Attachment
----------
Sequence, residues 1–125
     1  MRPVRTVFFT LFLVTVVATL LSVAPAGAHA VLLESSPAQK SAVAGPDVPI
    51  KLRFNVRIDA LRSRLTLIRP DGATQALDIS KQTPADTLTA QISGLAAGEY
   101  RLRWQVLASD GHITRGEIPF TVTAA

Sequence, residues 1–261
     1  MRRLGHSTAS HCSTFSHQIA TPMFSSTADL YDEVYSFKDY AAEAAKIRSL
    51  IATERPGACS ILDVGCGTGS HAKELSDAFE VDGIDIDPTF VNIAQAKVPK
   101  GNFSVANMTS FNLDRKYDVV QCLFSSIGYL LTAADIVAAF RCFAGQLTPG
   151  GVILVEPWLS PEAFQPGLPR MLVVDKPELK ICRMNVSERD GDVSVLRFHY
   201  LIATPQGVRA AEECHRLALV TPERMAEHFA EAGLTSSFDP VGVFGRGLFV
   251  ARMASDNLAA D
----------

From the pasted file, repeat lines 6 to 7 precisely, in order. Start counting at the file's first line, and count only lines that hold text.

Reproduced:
     1  MRRLGHSTAS HCSTFSHQIA TPMFSSTADL YDEVYSFKDY AAEAAKIRSL
    51  IATERPGACS ILDVGCGTGS HAKELSDAFE VDGIDIDPTF VNIAQAKVPK